• Marks all/part of a parish boundary that was in existence prior to 1850
  • Marks the boundary of an estate that existed all/in part before 1600
  • Includes woody species specified within the hedgerows regulations under schedule 1
  • Is part of a field system that has a feature that existed prior to 1845

Protection means that hedgerows cannot be removed or damaged if they fall within this criterion. To remove a hedgerow less than 30 years old, you must apply to the local planning authority. For more in depth information, visit the government website.

Our top tips for keeping hedgerows in shape!

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Whilst the hedgerows regulation doesn’t govern hedgerows in gardens, we have some great advice on how to care for the hedges in your gardens.

  • Hedges and shrubs should not be cut during nesting season to avoid damage or disturbance to nesting birds, or while there are berries and other fruits available for food.  To see more about not disturbing nesting birds click here
  • A regular trim once per year, or every other year (depending on the species growing), will help to encourage the thick, dense growth which produce more food and offer greater protection from predators and weather.
  • Your garden to provide more shelter for birds. Try planting wild cherry, field maple, dog rose and blackthorn to give a dense hedge with plenty of natural food sources. For more ideas, click here hedgelink.org.uk

Breaching regulations?

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If you see someone that you believe is breaching the hedgerows regulation by interfering with countryside hedgerows, you can contact your local police force if it is during the nesting season. Outside of the nesting season, you can call the Rural Payments Agency on 03000 200 301 if the hedgerow is in a common agricultural policy scheme (check that here https://magic.defra.gov.uk/), if the hedgerow isn’t in a CAP scheme then contact your local planning authority.

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Alison, J., Botham, M., Maskell, L. C., Garbutt, A., Seaton, F. M., Skates, J., Smart, S. M., Thomas, A. R. C., Tordoff, G., Williams, B. L., Wood, C. M., Emmett, B. A. (2022). Woodland, cropland and hedgerows promote pollinator abundance in intensive grassland landscapes, with saturating benefits of flower cover. Journal of Applied Ecology. 59: 342– 354. https://doi.org/10.1111/1365-2664.14058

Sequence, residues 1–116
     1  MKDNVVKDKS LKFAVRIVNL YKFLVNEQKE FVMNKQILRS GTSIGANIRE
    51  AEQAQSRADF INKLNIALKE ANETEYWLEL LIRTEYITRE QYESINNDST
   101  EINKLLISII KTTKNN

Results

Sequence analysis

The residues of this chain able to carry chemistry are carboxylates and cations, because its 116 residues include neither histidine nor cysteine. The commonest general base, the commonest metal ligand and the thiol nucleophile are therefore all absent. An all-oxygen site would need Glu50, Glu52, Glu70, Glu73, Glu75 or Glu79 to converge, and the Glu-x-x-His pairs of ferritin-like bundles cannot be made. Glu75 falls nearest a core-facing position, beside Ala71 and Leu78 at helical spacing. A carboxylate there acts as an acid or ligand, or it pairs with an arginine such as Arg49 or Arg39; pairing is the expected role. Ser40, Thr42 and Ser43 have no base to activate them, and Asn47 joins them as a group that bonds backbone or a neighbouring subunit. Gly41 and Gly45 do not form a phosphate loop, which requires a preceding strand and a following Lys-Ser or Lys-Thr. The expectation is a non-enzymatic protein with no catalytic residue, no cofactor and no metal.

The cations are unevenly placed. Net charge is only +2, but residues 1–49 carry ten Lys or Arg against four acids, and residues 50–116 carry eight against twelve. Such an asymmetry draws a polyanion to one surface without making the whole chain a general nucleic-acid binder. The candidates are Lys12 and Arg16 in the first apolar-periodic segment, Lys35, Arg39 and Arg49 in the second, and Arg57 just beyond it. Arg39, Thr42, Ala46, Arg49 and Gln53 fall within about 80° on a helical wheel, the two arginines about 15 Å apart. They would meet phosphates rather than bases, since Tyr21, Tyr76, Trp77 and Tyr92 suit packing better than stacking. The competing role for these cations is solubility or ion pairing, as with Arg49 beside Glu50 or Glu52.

Dunn, J.C., Gruar, D., Stoate, C., Szczur, J., Peach, W.J. (2016) Can hedgerow management mitigate the impacts of predation on songbird nest survival? Journal of Environmental Management. 184(3): 535-544.

Hinsley, S.A., Bellamy, P.E. (2000) The influence of hedge structure, management and landscape context on the value of hedgerows to birds: A review. Journal of Environmental Management. 60(1): 33-49.

Natural England & Department for Environment Food and Rural Affairs. (2019). Countryside hedgerows: protection and management. GOV.UK: Available at: https://www.gov.uk/guidance/countryside-hedgerows-regulation-and-management.

Staley, J.T., Amy, S.R., Adams, N.P., Chapman, R.E., Peyton, J.M., Pywell, R.F. (2015) Re-structuring hedges: Rejuvenation management can improve the long-term quality of hedgerow habitats for wildlife in the UK. Biological Conservation. 186:187-196.

Van der Sluijs, J.P. (2020) Insect decline, an emerging global environmental risk. Current Opinion in Environmental Sustainability. 46: 39-42.